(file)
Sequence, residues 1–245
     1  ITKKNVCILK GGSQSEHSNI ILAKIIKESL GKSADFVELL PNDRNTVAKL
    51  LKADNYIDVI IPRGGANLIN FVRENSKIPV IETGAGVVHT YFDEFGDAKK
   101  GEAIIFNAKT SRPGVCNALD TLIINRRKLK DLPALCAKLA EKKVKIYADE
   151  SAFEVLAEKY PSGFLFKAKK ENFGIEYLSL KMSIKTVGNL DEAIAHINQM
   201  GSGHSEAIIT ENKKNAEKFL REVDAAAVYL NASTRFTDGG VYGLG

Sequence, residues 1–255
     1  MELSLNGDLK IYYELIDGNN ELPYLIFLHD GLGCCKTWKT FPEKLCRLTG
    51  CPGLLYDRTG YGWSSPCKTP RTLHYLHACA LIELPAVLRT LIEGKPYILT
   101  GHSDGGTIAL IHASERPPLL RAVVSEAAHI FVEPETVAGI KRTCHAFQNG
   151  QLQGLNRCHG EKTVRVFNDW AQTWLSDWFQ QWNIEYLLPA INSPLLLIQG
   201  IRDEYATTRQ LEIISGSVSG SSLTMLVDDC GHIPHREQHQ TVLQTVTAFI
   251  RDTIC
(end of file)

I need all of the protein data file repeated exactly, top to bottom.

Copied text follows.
Sequence, residues 1–245
     1  ITKKNVCILK GGSQSEHSNI ILAKIIKESL GKSADFVELL PNDRNTVAKL
    51  LKADNYIDVI IPRGGANLIN FVRENSKIPV IETGAGVVHT YFDEFGDAKK
   101  GEAIIFNAKT SRPGVCNALD TLIINRRKLK DLPALCAKLA EKKVKIYADE
   151  SAFEVLAEKY PSGFLFKAKK ENFGIEYLSL KMSIKTVGNL DEAIAHINQM
   201  GSGHSEAIIT ENKKNAEKFL REVDAAAVYL NASTRFTDGG VYGLG

Sequence, residues 1–255
     1  MELSLNGDLK IYYELIDGNN ELPYLIFLHD GLGCCKTWKT FPEKLCRLTG
    51  CPGLLYDRTG YGWSSPCKTP RTLHYLHACA LIELPAVLRT LIEGKPYILT
   101  GHSDGGTIAL IHASERPPLL RAVVSEAAHI FVEPETVAGI KRTCHAFQNG
   151  QLQGLNRCHG EKTVRVFNDW AQTWLSDWFQ QWNIEYLLPA INSPLLLIQG
   201  IRDEYATTRQ LEIISGSVSG SSLTMLVDDC GHIPHREQHQ TVLQTVTAFI
   251  RDTIC